to have a Twitter account; you can get one easily at http://twitter.com/ and it's free. Once you have one, follow @NewburyAS and @astronomy2009uk
up to date with what's happening. You can also search for #meteorwatch to
see what everyone else is saying.
To find out more visit: http://newburyas.wordpress.com/2009/08/03/twitter-meteorwatch/
World's first Dark Sky Discovery Sites Launched – 25th March 2009
The 25th of March saw the launch of the world's first two Dark Sky Discovery Sites, in Dalkeith and Glen Nevis. The Dalkeith site, at Newbattle Abbey College, has hosted Dark Sky events and workshops previously, and is a good example of an urban area where stargazing can take place. The Glen Nevis site will help to encourage people in areas of Scotland with darker night skies to discover and enjoy the view of the heavens.
It is hoped that these Dark Sky Discovery Sites will be the first of many across Scotland and the rest of the UK, the aim being to have a network of such sites in place during International Year of Astronomy 2009, so that wherever you are, there will be somewhere you can go locally to enjoy the best available view of the stars.
Read the full press release.
New Monkland Event Draws International Coverage – 27th Feb 2009
This weeks Dark Sky event in Glenmavis, at New Monkland Primary, is helping to spread the word about what we do, not just across Scotland but elsewhere in Europe as well! As well as the staff from the school, without whose hard work the event would never have happened, and the team from Dark Sky Scotland, the event was attended by journalists and a photographer who will be writing articles in Norwegian and German.
Croy Event Makes It A North-Lanarkshire Double – 26th Feb 2009
Following a successful visit to Twechar, Dark Sky Scotland visited Croy this week to spread the Starlab experience further across North Lanarkshire. Familiar Dark Sky favourites, Comet making and meteorite handling made another appearance, although unfortunately the stars refused to come out from behind all the cloud! This didn’t dampen spirits however, with the audience staying lively and engaged throughout, along with several people reporting having seen UFOs in the area previously!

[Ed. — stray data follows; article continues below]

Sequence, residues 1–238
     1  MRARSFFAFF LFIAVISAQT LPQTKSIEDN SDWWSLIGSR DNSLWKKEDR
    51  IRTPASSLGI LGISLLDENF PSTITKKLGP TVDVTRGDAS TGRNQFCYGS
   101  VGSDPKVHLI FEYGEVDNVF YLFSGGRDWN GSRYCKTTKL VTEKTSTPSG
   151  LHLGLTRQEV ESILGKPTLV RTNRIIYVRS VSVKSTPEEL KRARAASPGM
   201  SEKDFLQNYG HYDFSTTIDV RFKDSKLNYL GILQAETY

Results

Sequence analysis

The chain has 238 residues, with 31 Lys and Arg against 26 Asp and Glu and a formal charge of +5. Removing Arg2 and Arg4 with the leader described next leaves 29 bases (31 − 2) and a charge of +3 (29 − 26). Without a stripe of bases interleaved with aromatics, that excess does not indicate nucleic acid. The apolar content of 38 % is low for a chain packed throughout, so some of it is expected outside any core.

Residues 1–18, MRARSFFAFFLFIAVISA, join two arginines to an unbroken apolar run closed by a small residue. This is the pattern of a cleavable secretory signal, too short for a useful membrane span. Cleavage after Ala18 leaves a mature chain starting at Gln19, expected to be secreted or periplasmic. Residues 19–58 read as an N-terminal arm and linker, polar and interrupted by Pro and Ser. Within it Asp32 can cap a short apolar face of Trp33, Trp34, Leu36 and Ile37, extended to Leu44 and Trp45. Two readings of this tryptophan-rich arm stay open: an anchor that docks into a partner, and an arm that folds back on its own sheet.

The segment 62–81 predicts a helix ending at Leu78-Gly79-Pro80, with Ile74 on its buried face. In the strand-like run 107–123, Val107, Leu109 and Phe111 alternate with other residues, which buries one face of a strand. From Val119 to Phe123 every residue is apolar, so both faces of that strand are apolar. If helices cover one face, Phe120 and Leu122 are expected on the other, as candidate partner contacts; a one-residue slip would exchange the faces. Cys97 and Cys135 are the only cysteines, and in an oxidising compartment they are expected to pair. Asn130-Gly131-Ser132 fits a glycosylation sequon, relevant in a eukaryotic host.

Starlab Brings Modern Science To Ancient Surroundings – 23rd Feb 2009
It’s not often you get cutting edge science, 15th Century buildings and multi-billion year old space-rocks in the same place, but that’s exactly what happened in Easterhouse last week when Dark Sky Scotland visited the Provan Hall. As one of the oldest buildings in Glasgow, the Hall already has a claim to fame, but now it has also witnessed a giant inflatable dome in the courtyard, comets, meteorites and countless rocket launches, to go along with hundreds of years of Glaswegian history! The event was attended by several youth clubs, families and individuals, and was topped off with some fantastic soup and hot chocolate, which went down well after being out in the cold launching rockets!
Drumchapel Expands Horizons To The Stars - 16th Feb 2009
Last week saw the Dark Sky team visiting the Phoenix Hall in Drumchapel
to lift the lid on the Universe – galaxies, comets and meteorites included!
The event expanded the audiences minds, leaving them with questions about
life on other planets, the sheer scale of the Universe, and just why comets
go great with tomato soup! We are now well past the half-way point for the
January/February events, with a further four events in the next few weeks.